Merchants Quay Drugs and Homeless Project gives the lie to the “Law and Order” brigade.

Those who generate orgies of publicity on the back of drug addiction and
its consequences should spend a week on work experience at Merchant’s Quay
Centre beside the Adam and Eve’s Church (1834) and monastery. This is an
example of the positive impact that the Catholic Church has on the life of
the city. The Franciscan Friars run that institution. I have admired Tony
Geoghegan, the MQI director for years. He had John Lonergan – exGovernor of
Mountjoy launch the 2009 annual review and I set out the report in the
Irish Examiner below.

Saturday, September 25, 2010

‘Red light’ warning over heroin spread

By Cormac O’Keeffe

Saturday, September 25, 2010

RED warning lights should be attached to a report highlighting the spread
of heroin across the country, former prison governor John Lonergan has said.

The ex-Mountjoy chief said the country was “sleep walking” into a human
catastrophe by failing to intervene in the “scourge”.

Mr Lonergan made the comments as he launched the 2009 annual review by
Merchants Quay Ireland (MQI), which works with drug users, homeless people
and prisoners.

The report said it dealt with more than 9,000 people in 2009, with a 9%
hike in drug users availing of its services. MQI director Tony Geoghegan
said the “greatest rise” in problem drug use was outside Dublin.

He said heroin use had taken off in large urban areas across the country
and that MQI now operated needle exchange services in four Midland
counties, dealing with more than 200 people a year.

Launching the review, Mr Longeran said: “There should be red lights on top
of this report. It’s indicating that heroin is no longer confined to Dublin
and is spreading across the country. For me that is certainly a red light.
I know what will happen as a consequence.”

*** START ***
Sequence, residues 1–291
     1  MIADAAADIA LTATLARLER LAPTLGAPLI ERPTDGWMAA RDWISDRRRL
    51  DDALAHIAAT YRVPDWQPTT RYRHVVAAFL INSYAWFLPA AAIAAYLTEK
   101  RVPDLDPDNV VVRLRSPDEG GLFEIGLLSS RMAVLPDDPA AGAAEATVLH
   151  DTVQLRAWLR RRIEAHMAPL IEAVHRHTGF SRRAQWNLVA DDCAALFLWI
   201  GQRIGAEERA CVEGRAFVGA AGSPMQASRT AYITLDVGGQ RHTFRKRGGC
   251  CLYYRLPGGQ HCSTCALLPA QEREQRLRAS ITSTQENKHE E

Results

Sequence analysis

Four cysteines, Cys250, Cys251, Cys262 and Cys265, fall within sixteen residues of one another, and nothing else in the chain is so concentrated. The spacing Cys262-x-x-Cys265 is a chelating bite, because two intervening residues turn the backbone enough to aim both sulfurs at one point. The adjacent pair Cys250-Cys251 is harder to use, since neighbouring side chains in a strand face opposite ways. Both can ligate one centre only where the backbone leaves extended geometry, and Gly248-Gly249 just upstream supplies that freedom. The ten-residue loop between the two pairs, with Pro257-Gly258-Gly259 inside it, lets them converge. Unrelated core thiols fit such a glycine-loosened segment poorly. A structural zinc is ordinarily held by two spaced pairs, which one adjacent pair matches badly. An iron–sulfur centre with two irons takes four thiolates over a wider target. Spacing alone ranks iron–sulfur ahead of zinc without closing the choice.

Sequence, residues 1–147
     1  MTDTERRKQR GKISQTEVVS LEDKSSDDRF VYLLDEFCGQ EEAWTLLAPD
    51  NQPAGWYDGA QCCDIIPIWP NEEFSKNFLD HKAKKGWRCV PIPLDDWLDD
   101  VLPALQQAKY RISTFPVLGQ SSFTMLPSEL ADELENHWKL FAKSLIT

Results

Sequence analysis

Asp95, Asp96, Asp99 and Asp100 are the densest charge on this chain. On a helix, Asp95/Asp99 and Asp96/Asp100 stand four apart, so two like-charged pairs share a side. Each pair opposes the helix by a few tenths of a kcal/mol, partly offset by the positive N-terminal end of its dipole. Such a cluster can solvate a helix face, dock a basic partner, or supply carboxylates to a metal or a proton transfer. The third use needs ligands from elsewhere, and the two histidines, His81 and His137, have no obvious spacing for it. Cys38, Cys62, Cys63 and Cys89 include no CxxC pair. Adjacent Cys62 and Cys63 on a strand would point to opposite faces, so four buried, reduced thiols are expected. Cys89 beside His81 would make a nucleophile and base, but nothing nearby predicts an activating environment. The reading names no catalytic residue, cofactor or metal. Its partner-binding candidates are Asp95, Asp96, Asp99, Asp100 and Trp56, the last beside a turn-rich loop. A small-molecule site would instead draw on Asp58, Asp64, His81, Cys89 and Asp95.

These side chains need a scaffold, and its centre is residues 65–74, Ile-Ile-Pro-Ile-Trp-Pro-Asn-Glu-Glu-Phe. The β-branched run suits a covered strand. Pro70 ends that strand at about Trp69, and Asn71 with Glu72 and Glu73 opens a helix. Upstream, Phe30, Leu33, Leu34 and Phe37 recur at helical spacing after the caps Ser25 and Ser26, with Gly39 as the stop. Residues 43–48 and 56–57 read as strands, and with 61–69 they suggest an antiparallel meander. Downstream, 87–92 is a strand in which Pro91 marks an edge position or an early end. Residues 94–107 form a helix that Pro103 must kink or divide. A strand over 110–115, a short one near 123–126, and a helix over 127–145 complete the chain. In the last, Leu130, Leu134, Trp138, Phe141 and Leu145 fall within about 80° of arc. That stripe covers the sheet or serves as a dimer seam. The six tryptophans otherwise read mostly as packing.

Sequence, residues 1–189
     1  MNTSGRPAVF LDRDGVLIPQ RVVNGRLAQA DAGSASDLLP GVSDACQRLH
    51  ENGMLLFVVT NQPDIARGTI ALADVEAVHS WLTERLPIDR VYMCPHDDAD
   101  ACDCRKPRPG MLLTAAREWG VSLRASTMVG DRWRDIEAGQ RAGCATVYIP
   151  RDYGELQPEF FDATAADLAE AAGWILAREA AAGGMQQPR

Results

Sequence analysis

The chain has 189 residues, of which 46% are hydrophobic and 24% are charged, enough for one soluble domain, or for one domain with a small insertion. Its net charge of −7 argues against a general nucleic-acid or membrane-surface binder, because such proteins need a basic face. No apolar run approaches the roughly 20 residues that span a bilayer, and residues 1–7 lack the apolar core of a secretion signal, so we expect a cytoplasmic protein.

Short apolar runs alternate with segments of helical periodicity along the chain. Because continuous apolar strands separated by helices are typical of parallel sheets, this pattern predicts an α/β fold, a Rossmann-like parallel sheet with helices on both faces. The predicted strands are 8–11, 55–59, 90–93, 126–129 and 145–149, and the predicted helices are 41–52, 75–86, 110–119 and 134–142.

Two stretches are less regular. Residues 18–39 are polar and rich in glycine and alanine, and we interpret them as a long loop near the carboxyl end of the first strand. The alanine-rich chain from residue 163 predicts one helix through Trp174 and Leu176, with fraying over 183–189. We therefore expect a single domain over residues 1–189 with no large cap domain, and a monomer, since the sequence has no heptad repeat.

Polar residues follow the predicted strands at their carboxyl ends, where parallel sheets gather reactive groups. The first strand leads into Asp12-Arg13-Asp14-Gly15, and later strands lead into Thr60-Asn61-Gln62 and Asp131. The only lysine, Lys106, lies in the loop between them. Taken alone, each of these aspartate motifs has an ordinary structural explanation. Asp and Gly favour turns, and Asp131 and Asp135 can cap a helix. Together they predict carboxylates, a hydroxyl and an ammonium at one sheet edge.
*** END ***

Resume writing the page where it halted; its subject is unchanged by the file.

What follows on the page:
The report said “there is now a growing and significant problem” with
heroin and cocaine and other drugs in towns such as Athlone, Portlaoise,
Birr and Longford.

“Our concern is where the biggest increase is where the least services are

He said such was the lack of methadone treatment services in parts of the
country – up to two years in some places – it was quicker to get help in
prison, where services have expanded.

He questioned why the controversial announcement by the Government a year
ago of an Elton John charity fund for needle-exchanges services across the
country had not yet materialised, apart from one service in Limerick.

Mr Lonergan said: “In many areas the services are almost non-existent.
There’s also an ambivalence, and sometime even stronger, a total opposition
to acknowledging there is a drug problem and providing the services.

“If you don’t have the services you are going to have an expansion. It’s a
no-win situation, it’s a self-inflicted wound. Part of struggle is to
convince communities they have a central role and responsibility to respond
to drug addiction in their own community.”

He said there was “danger on the horizon” and the country was “sleep
walking” into a national disaster.

Mr Geoghegan said the homelessness problem was getting worse with a 17%
increase in demand for its services in the first six months of this year,
compared to the same period last year.

He said they provided 45,000 meals last year, but added they had already
hit that figure this year.

This story appeared in the printed version of the Irish Examiner Saturday,
September 25, 2010

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